Buying a house is the most expensive purchase that you will ever make. There are many factors to consider when buying a home and, most importantly, it requires understanding the contract because buying a house is complicated.
When an offer is formally presented for making an offer on a home you want to buy, you will need to fill out a lot of paperwork specifying the terms of your offer. In addition to the obvious items, like the home’s address and purchase price of the property, there are additional items that you should consider adding in the purchase contract.
When people go to purchase a home, there is sometimes confusion concerning conditions and escape clauses in real estate agreements. Although there is some concern over the clarity of the conditions, it is rather straightforward and dependent on how the clause is initially written. A potential homeowner should keep in mind that closing the deal isn’t the biggest step in the transaction, but rather it’s the small steps in getting to the end result.
In technical terms, a condition is defined as “a requirement that is fundamental to the very existence of the offer.” If there is a break of a condition on the purchase agreement, the buyer is allowed to get out of the contract and the full amount of the deposit is returned.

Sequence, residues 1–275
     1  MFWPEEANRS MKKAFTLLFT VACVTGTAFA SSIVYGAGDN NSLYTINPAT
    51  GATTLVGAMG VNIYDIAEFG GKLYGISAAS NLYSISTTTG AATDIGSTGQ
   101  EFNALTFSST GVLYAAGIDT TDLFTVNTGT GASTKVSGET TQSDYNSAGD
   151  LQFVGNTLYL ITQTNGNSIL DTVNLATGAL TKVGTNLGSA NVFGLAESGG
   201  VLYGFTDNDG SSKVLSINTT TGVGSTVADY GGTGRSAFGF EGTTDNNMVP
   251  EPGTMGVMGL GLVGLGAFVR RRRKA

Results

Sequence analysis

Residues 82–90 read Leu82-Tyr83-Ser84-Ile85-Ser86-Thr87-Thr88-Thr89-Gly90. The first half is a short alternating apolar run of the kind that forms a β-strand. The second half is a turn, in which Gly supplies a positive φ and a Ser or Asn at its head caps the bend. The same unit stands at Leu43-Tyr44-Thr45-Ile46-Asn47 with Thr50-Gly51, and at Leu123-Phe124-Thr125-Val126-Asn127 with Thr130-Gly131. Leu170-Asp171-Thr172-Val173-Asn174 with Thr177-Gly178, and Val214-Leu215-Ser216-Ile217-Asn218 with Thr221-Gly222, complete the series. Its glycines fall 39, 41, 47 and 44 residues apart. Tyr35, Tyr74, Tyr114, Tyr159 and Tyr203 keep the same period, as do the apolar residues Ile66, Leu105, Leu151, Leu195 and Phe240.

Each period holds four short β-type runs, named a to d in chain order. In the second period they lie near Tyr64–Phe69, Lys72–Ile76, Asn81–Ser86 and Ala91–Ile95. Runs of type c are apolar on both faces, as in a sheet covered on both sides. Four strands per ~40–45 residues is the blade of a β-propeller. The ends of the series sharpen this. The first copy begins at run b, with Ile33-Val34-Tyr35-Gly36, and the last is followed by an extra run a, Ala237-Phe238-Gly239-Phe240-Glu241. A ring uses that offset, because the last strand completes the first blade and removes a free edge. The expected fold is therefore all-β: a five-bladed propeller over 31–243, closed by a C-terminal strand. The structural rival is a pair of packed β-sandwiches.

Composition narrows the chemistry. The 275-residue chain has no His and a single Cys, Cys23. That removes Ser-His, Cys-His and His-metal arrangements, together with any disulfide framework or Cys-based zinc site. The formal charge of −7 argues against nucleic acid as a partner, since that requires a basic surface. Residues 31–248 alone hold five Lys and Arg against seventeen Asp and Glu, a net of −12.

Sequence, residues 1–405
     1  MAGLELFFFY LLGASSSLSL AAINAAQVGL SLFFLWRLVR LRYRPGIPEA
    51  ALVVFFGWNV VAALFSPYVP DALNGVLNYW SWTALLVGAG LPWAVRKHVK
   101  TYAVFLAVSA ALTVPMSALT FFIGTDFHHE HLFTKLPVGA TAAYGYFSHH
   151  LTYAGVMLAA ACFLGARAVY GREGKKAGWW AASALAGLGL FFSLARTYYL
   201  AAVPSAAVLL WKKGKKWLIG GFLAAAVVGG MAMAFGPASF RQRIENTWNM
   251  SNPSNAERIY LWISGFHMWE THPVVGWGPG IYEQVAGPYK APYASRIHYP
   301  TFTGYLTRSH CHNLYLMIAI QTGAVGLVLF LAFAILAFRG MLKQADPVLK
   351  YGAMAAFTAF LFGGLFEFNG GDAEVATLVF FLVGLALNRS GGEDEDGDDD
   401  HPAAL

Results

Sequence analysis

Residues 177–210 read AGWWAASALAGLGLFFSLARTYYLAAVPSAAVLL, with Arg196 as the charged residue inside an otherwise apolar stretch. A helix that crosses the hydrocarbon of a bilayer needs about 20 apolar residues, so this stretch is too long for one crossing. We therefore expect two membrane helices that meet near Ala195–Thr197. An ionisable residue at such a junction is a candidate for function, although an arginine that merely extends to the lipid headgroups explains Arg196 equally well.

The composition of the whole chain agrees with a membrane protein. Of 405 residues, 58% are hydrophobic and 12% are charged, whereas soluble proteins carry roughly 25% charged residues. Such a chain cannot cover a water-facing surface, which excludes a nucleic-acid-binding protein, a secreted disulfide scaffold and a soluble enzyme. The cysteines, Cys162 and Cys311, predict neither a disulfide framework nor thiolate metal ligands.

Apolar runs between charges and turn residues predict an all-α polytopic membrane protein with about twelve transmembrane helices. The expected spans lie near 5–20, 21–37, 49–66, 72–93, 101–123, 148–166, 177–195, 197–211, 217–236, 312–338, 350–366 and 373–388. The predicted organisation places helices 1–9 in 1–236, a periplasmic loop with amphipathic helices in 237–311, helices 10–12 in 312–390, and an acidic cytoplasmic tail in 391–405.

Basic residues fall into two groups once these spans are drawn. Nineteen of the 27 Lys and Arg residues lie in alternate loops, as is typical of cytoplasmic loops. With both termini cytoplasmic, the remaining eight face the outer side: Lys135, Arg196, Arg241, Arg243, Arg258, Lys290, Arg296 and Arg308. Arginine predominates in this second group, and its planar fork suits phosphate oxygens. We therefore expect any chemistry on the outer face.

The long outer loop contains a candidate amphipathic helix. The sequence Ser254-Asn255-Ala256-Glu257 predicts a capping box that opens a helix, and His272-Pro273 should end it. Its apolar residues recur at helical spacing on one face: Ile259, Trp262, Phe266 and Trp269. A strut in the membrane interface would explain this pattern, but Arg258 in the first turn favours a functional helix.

According to Brian Madigan LL.B., read articles Ontario Real Estate Source, there are really just two categories for conditions:
• Pending deals (those which require a confirmation)
• Confirmed deals (those which include an escape).
He states that “pending deals are usually described by a condition precedent clause, and confirmed deals with a provision for escape are evidenced by the condition subsequent clause. The condition precedent clause begins with the words “this agreement is conditional upon….” and the condition subsequent clause begins with the words “the purchaser shall have the right to terminate…”
There are numerous types of conditions that might be included in the Offer to Purchase, but one of the most important clauses for a potential buyer to understand is the financing condition.
The financing condition protects the buyer, which essentially tells the seller that the purchase is conditional on you obtaining financing. It will state that the financing that you obtain must be satisfactory to you in their sole and absolute discretion. This means that the terms and conditions must be satisfactory to you, the buyer. This condition is included because if you buy a property without the financing condition and you are unable to get the required funding, you are in trouble. A financing condition protects you from losing your deposit and being sued by the seller for non-completion of the transaction. If you offer is conditional upon financing, then you are obligated to seek financing in good faith. You can’t just back out of the potential deal simply because you changed your mind.
In addition to the Financing Condition, here are some other conditions that might be included in the Purchase & Sale Agreement and what they can mean for you: